Let your gentleness be evident to all. Phil. 4:5a NIV
BLUSH AND CRINGE:
This isn't something I did, but I have to tell the story. My husband's friend was a chaperone on a youth ski trip. At the hotel one evening, he came through the lobby and caught site of two couples (what he thought was a group of high shoolers) getting a tad too cozy in the hot tub. Being the faithful chaperone that he is, he gets a running start across the floor, leaps in the air, lands in the middle of the hot tub screaming, "Jacuzzi invasion!" Jacuzzi invasion!" and splashes around wildly until he opens his eyes to discover four complete strangers (all adults) staring at him as if he's just grown three heads.
Help me to see people as You see them, God. Even myself.
TIPS FOR NEW WRITERS
Let's chat about writing trends. Just like clothing styles, what was "in" ten years ago may not be "in" today. What prompted me to talk about this is an article I read encouraging writers to use dialogue tags. What is that? A Dialogue tag is the word at the end of a stream of dialogue such as "said."
"You silly cat, stop chasing the bird," she purred.
"Look at the owl!" Thomas hooted.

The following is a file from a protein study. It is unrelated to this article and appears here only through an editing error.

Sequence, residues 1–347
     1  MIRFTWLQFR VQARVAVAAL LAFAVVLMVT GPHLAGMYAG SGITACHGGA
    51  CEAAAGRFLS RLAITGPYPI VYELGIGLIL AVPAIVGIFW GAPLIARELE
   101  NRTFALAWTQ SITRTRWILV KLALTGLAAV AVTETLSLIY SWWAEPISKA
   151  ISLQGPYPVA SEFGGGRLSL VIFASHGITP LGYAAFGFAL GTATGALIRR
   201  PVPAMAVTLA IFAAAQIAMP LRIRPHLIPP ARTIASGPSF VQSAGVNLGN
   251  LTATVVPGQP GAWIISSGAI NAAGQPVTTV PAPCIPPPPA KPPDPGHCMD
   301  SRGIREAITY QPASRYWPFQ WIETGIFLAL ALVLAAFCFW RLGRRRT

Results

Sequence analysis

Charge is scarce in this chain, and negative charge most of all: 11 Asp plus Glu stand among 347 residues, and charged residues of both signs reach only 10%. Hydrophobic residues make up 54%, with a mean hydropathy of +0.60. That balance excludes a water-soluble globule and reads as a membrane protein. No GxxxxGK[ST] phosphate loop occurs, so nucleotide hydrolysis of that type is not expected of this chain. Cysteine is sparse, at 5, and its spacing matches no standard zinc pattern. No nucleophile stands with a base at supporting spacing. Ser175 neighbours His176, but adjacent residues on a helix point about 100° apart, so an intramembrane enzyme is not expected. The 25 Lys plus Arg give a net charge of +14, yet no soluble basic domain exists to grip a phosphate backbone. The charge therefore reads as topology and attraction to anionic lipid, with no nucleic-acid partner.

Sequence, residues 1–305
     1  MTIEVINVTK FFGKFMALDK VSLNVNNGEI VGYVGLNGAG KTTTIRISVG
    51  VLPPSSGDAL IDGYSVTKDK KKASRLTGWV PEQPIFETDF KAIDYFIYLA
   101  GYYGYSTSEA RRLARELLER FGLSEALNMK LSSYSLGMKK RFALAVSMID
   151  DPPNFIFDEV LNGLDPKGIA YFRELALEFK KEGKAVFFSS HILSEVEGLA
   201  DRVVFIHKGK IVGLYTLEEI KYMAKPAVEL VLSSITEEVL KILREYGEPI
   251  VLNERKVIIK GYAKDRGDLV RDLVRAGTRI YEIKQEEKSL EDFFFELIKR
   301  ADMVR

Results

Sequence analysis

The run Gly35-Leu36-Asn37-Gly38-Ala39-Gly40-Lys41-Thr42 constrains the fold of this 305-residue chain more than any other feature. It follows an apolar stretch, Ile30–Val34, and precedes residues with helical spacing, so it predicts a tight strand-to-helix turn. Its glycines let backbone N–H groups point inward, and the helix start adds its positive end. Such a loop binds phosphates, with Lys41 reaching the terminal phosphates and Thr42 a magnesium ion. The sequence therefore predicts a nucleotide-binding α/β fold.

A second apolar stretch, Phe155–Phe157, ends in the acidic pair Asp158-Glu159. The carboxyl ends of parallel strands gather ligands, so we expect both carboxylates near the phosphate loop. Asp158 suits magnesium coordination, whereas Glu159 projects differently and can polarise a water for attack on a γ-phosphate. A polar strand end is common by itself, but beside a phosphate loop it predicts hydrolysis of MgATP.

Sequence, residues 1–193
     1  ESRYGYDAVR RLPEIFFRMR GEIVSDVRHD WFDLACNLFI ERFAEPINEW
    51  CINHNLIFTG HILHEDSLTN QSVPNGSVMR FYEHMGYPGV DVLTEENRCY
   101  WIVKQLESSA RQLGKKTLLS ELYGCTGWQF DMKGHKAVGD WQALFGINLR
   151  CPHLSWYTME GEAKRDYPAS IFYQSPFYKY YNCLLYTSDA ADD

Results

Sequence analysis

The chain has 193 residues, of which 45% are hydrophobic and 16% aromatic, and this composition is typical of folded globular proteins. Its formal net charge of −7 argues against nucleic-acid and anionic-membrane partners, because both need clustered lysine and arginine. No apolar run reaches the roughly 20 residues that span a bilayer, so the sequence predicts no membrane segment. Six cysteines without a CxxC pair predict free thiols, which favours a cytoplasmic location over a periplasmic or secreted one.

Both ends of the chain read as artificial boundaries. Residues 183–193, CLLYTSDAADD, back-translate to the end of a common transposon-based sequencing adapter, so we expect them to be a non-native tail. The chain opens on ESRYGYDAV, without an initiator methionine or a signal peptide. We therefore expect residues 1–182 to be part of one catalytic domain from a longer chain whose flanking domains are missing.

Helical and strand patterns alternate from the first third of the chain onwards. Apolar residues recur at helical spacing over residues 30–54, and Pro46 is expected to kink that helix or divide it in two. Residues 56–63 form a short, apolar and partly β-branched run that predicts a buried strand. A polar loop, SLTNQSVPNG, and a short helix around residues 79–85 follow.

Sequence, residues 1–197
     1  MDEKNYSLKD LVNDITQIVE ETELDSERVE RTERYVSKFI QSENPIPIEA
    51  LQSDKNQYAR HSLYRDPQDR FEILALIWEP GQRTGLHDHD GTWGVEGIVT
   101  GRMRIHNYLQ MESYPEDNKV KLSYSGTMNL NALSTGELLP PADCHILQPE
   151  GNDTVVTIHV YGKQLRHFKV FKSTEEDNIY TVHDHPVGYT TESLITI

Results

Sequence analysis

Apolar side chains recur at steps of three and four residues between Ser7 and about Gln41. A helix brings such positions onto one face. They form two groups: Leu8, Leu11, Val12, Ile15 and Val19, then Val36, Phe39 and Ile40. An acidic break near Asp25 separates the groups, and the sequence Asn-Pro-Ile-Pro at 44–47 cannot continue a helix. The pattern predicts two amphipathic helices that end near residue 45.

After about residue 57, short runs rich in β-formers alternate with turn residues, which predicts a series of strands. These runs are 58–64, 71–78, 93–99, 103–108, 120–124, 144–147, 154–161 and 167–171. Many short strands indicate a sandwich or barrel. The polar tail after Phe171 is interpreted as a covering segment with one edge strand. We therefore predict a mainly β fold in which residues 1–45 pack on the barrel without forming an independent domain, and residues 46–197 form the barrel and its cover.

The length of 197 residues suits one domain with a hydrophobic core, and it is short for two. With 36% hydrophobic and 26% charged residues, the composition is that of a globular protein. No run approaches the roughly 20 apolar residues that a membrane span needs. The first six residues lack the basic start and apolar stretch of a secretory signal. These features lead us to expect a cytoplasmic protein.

"He wanted those eggs over-easy," the waitress waffled.
"How 'bout ya take five dollars for that instead of eight?" he haggled.
Okay, okay. I know those were extreme examples but really, it seems to me that most editors today are veering AGAINST the use of dilogue tags other than plain ol' "said."
So, only in rare cases and very sparingly should you use anything other than that and if you do, have a very good reason, to set tone of story, etc.
Helena cowered in the closet with the cordless phone, willing someone to answer.
"911, what is your emergency?"
"Someone is in my house," she whispered.
See? "whispered" helps to set the suspensful tone because she doesn't want the intruder to know where she is. So I don't leave you with the icky feeling of looking over your shoulder, feeling like someone is behind you, I'll finish the story. By the way: I ALWAYS write happy endings. Always.
"Where are you?" the dispatcher asked.
"Bedroom closet," she whispered. "Oh, no! My bedroom door creaked open. Can't talk."
"We have a unit on it's way. Stay on the phone."
"RUFUS! What are you doing?"
"Ma'am?" the dispatcher said.
"Ugh. I'm like, so sorry. My dumb dog crawled through the opening in the screen. How positively embarrassing."
"So, there's no one in your house?"
"No. No one besides one in-trouble dog and its very blonde owner," Helena said.
Clear as mud?
Next time I'll talk about beats. The actions characters do, sometimes to replace tags.
Until next time,